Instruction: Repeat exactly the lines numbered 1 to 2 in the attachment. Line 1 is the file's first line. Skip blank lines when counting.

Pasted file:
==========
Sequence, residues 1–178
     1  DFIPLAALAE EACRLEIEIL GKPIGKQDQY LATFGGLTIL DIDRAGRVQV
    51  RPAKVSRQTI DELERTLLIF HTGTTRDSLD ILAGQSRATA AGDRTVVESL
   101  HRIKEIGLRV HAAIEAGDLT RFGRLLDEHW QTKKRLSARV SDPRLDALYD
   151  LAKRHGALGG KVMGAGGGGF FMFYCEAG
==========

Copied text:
Sequence, residues 1–178
     1  DFIPLAALAE EACRLEIEIL GKPIGKQDQY LATFGGLTIL DIDRAGRVQV